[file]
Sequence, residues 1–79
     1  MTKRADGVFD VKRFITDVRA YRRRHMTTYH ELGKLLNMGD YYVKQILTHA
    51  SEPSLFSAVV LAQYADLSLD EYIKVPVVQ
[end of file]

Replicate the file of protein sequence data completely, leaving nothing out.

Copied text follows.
Sequence, residues 1–79
     1  MTKRADGVFD VKRFITDVRA YRRRHMTTYH ELGKLLNMGD YYVKQILTHA
    51  SEPSLFSAVV LAQYADLSLD EYIKVPVVQ